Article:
These are the first pictures ever of a real prototype of the next-generation BMW 5-Series. What we’ve seen so far are camouflaged test mules that hid the new technology underneath a mix of the old and new body.
The new technology includes a plug-in hybrid variant believed to have been developed under BMW’s shared-technology agreement with Toyota. Nothing earth-shattering there, BMW has been trialling many models with the same plug-in system for some time.
But, again, the picture here – especially under a magnifying glass – confirms for the first time that a hybrid will be part of the next-generation 5-Series range.
A ‘fuel cap’ ahead of the A-pillar on the left of the car (above) and highlighted by the yellow ring actually hides the socket for the electric plug.
Initially, says European spy agency Automedia, the plug-in hybrid will only be available in Europe and the United States. The car won’t be officially revealed before 2016.
Other details prove this is indeed a genuine prototype. New door handles and the air breather in the front wings, a new layout of A-pillar and front door, a sharp horizontal edge over front and rear side doors and flatter rear window are just a few design elements that distance this model from the current 5-Series.
The design of the new car is very much influenced by BMW’s sculptural approach, first seen on the Vision Connected Drive concept and clear as a bell in the i8 petrol-electric hybrid.
What is known is that the architecture and way the car is shaped will be shared with other BMW models, just as the current 5-Series shares design lines with the 6-Series and 7-Series.
The new 5-Series could also be the basis for a world-first high-efficiency model powered by BMW’s upcoming three cylinder diesel engine.
The development of the new 7-Series – likely to be in New Zealand late next year or early in 2016 – has also influenced the 5-Series. The 7-Series is closer to production and will showcase for the first time in an executive saloon BMW’s commitment to lightweight carbon-fibre.
The i3 and i8 models – both in New Zealand now – make extensive use of carbon-fibre. The new 7-Series will take it a step further, utilising methods employed in developing the i3 and i8, not only in the car’s architecture but also with key body panels such as roof, bonnet, boot lid and door skins. This will bring weight down significantly over today’s car and improve handling, braking and acceleration.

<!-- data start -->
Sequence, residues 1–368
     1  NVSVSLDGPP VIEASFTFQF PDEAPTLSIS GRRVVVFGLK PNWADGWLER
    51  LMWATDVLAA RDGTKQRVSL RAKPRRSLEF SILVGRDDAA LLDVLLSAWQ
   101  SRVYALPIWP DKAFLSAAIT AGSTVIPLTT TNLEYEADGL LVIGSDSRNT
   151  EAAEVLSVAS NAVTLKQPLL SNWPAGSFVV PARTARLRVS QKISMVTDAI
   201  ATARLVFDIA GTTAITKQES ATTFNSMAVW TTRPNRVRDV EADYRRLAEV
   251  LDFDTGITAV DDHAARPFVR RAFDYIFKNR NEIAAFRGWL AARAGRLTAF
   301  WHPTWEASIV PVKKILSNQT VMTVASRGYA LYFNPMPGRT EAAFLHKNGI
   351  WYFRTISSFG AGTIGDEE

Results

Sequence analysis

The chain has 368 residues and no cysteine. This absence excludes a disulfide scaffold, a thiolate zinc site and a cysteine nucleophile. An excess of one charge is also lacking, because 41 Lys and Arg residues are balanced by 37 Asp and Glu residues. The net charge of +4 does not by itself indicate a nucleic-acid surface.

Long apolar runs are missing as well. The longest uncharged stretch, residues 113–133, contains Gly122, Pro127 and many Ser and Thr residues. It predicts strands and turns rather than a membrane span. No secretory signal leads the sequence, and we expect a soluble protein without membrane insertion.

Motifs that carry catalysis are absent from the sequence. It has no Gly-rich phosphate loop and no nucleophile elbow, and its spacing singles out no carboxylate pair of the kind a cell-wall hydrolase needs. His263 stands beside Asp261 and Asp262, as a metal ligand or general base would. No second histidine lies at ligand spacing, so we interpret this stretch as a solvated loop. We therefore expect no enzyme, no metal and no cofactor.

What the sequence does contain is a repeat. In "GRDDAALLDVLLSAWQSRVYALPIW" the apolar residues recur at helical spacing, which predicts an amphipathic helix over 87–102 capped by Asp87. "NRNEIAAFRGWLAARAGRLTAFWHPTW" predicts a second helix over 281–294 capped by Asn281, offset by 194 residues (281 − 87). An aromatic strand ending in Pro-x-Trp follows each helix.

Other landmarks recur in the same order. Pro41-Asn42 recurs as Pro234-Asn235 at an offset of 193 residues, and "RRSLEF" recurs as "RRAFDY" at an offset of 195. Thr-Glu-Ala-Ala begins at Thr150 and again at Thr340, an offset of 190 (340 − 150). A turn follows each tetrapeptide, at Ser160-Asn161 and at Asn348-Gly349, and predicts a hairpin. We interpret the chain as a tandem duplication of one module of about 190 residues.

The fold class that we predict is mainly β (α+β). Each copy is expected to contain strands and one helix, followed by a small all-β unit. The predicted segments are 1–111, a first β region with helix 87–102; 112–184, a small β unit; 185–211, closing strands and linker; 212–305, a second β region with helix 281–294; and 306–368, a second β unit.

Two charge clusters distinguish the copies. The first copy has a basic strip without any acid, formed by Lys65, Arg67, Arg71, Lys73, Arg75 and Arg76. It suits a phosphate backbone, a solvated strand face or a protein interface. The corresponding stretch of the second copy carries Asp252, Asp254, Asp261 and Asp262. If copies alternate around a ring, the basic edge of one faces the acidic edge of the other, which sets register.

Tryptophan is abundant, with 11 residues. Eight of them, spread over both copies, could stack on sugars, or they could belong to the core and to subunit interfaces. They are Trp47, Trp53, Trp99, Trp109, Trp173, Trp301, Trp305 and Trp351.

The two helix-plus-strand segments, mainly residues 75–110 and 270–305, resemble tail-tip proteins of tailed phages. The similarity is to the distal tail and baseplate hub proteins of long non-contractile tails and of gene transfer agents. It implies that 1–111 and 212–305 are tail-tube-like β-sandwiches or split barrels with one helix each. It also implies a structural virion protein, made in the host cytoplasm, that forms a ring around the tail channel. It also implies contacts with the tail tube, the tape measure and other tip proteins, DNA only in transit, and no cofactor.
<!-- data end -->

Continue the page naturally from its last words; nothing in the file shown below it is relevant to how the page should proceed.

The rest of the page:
Spy shots here of a 7-Series prototype show the car without the irritating plastic panels that have hidden its true design, although the swirling black-and-white camouflage remains.
While the exterior looks quite different from the current model, the platform underpinning the car will be heavily updated, in part to meet ever-tightening emissions regulations.
This means lighter construction, more fuel-efficient engines and some never-before-seen Efficient-Dynamics technologies such as thermo-electric devices for its future cars.
Standard powertrain options will likely include six-, eight- and twelve-cylinder engines, all with direct-injection and turbocharging technologies.
Though there have been reports that a V12 may not be included this time around, this is unlikely given the popularity of past V12 models and the fuel-saving improvements coming in the future.
Like the new 5-Series, the 7-Series will also see the introduction of a plug-in hybrid model. As for technology, expect a myriad of traffic warning systems and convenience features such as self-parking and even some autonomous driving capability.
BMW has just announced a partnership with German automotive technology supplier Continental to further develop its autonomous car technology, which should debut on the new 7-Series.
Expect also the latest in connectivity, which BMW has partnered with Harman to develop. The new 7-Series should offer full WiFi capability, downloadable apps, 3D maps with real-time traffic and weather updates, and increased voice activation.